Their obsession with cleanliness prevents these women from developing healthy views about sex and engaging in satisfying relationships with themselves and their partners. Their relationships with their families are hindered by the denial of their race and obsessive cleanliness. When they do develop connections, it is with their cats, which are traditional understood as compulsively clean and emotionally distant animals.
Geraldine is one of these black women. She moved with her husband and her cat to Lorain, Ohio from a southern town. In Lorain, she gives birth to a son she names Louis Junior. Geraldine meets Junior's physical needs, but refuses to coddle him emotionally. She does not talk to him, allow him to cry, kiss, or coo him. As Junior grows up, he notices his mother directs her love toward her cat. He directs his hatred of his mother toward the cat, and is happy when he is able to watch it suffer.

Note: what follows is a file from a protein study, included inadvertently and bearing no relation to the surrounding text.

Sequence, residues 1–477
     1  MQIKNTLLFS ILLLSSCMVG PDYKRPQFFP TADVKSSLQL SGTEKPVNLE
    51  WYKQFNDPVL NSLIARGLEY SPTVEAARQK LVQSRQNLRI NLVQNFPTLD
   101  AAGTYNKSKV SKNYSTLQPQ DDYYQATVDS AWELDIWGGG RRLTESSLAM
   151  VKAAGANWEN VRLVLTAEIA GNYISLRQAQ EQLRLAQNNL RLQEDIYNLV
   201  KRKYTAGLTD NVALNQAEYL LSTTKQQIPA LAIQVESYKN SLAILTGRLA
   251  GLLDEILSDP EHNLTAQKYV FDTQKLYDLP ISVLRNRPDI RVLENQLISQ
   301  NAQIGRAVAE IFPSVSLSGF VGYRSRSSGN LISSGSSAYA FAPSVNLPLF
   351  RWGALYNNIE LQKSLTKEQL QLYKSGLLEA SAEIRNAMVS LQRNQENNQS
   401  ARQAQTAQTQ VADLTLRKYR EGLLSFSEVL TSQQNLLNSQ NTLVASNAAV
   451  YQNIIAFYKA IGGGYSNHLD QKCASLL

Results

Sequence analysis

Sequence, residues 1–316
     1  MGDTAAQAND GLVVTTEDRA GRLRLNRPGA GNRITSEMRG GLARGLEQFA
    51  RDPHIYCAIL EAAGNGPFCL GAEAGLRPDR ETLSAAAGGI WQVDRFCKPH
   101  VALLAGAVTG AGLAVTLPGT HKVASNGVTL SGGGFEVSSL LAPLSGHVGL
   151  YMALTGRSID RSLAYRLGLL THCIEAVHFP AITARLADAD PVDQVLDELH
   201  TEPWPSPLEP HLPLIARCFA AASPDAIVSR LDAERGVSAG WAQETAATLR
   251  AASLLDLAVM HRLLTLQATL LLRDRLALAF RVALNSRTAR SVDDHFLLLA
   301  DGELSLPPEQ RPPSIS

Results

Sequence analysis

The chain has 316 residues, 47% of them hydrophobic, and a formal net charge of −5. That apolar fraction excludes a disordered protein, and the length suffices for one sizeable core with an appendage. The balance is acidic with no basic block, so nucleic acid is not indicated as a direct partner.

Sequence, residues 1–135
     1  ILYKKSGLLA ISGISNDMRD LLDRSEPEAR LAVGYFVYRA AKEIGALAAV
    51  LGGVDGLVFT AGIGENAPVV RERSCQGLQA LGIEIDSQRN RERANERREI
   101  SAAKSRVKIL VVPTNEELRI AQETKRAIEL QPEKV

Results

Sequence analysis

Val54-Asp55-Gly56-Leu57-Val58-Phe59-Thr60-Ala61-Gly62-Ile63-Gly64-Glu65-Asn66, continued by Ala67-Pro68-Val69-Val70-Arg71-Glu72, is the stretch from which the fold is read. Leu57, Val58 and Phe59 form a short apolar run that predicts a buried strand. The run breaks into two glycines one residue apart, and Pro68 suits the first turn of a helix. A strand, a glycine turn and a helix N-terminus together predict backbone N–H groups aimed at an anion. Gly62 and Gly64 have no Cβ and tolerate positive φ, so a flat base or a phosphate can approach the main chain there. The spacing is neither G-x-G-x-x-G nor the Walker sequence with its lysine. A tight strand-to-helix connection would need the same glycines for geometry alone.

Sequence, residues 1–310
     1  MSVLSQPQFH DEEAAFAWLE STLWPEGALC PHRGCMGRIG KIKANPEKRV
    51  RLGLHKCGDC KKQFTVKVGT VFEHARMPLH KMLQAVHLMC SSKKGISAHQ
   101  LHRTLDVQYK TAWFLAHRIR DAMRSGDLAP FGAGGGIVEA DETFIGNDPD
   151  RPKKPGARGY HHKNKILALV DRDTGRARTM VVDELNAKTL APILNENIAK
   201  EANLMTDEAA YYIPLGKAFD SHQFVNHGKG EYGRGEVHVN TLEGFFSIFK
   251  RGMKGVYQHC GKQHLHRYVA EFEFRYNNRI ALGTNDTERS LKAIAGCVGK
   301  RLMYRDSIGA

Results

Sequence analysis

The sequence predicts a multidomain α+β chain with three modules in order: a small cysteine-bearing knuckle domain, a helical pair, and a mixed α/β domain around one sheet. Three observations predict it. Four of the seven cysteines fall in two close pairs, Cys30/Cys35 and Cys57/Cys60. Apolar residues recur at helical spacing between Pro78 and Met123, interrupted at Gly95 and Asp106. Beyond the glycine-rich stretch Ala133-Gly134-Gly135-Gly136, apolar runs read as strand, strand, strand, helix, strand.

The damaging effects of racial self-denial are demonstrated through Geraldine's relationship with her child. She meets his physical needs, and raises him in a beautiful home, but fails to respond to him emotionally, showing that external appearances do not always represent internal realities. These effects creates cycles of violence, as shown by Junior's sadistic pleasure in watching the cat suffer.